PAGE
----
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The Ferguson

Back when I was a active member of MTF I posted the progress on building my $38,000 house. In 2008 after the shell was built by a contractor, and after I'd put in fixtures, wiring and insulation, instead of walls, floors or curtains, I took the “curtain money” and bought a 1957 Ferguson TO-30 with a Davis loader. It also came with a 600 pound weight. The “Ferguson System” had no problems lifting the 600 pound weight, but I've never had any other attachments for the three point hitch and PTO. I just wanted a bucket. I didn't know it was a famous brand, the first tractor driven to the South pole.

It cranked slowly with it's six volt system but it only took a few seconds for it to roar to life, maintained by feathering the choke until she got the blood flowing. I spent a couple hundred giving it a tuneup and doing a carb kit. I discovered not all replacement parts work. It took a couple tries to find a rotor and distributor cap but I still put it right to work. I hauled a rusty truck water tank out of the woods to where I could cut it in half and then load it on the trailer to take to the scrap yard. (IMPORTANT SAFETY NOTE: When dragging things bigger than the tractor I always attached the load to the front and went in reverse so if the load got stuck the tractor wouldn't flip over and squash me like a bug!) I also moved out part of a truck and a couple old cast iron kitchen wood stoves.

The first repair the next year were the leaking rear axle seals and worn out brakes. I found a local mechanic willing to take it on. Online I found an outfit in Alabama that had every part for whatever surprise came along. Who knew bearings had to torched off? $800 later it was back to work.

I painted it up right away. I only left the original metallic gray on the engine, and found I could still buy red lead farm paint this far away from civilization! (Lead paint has incredible adhesion and durability, just don't lets kids chew on the tractor.) Combined with yellow for contrast it was looking pretty good!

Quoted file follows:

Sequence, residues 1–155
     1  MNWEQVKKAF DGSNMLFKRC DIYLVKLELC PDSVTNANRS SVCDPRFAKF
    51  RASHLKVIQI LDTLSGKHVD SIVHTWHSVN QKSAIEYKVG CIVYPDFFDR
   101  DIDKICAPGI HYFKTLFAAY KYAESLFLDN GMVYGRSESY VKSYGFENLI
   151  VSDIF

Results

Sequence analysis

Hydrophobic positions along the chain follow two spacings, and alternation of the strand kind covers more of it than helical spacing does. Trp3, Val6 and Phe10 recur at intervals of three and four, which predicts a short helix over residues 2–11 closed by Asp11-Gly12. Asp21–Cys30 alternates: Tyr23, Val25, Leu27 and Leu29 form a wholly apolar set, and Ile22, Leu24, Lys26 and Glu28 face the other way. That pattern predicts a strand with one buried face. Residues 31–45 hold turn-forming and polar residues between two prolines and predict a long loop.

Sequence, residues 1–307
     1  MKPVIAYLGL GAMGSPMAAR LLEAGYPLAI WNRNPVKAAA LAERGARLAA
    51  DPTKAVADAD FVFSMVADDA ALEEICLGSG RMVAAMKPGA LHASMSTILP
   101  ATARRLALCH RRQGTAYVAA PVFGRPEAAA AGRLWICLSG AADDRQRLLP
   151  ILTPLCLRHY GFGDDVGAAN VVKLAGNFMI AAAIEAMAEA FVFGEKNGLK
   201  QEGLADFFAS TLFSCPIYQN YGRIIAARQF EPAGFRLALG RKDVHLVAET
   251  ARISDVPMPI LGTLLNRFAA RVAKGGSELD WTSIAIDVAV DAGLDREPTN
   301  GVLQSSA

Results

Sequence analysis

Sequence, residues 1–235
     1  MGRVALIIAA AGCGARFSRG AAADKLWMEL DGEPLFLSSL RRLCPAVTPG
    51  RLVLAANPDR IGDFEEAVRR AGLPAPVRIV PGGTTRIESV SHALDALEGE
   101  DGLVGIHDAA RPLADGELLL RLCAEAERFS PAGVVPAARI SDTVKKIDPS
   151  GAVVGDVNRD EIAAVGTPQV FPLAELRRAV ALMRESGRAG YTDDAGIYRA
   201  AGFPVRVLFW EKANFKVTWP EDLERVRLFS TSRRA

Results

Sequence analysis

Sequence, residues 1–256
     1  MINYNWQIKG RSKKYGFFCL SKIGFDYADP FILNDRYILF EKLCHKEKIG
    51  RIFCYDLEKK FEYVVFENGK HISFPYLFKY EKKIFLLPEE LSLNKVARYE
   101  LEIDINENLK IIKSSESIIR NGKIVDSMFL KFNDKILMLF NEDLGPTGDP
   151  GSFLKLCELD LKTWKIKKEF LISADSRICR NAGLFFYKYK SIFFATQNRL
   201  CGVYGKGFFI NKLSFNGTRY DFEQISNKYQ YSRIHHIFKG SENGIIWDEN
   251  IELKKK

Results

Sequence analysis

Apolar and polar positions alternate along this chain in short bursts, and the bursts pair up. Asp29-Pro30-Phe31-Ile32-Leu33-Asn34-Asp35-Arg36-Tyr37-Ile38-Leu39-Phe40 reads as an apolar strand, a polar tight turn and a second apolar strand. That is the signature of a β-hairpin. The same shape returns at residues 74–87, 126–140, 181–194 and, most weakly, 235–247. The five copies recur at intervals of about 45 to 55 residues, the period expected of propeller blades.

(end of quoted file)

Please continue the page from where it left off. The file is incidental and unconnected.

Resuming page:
My neighbor had priced a leach field and septic tank for $3000. It took her a year to save up the money but in 2008 the price had doubled. I offered to do the leach field for $2000. I'm not skilled enough to use the Ferguson for digging, so I carefully removed the sod and hand dug it to depth using the “David Bradley” to move the sand and sod away. Think like an Egyptian! I didn't work too hard, taking frequent breaks during the two weeks I was digging. I then used the Ferguson for a few days to add the heavy layers of stone and fill. I wouldn't have even considered the job if I hadn't had the Ferguson to deal with the heavy stone and then move the huge pile of leftover materials out back. Afterward my neighbor was able to get the tank for $2000. Not only did I make $2000, she saved $2000.

During the Leach field job the Ferguson broke down. A few years ago I learned vintage BIG tractors were fetching big bucks in the Midwest, the result of farmers getting frustrated by new computerized tractors that after a minor breakdowns had to wait for a factory technician to come and reset the computer. With old tractors the most basic things to check are air, spark and fuel. I soon discovered crap had made it past the glass bowl fuel filter. I cleaned the carb and was soon back to work.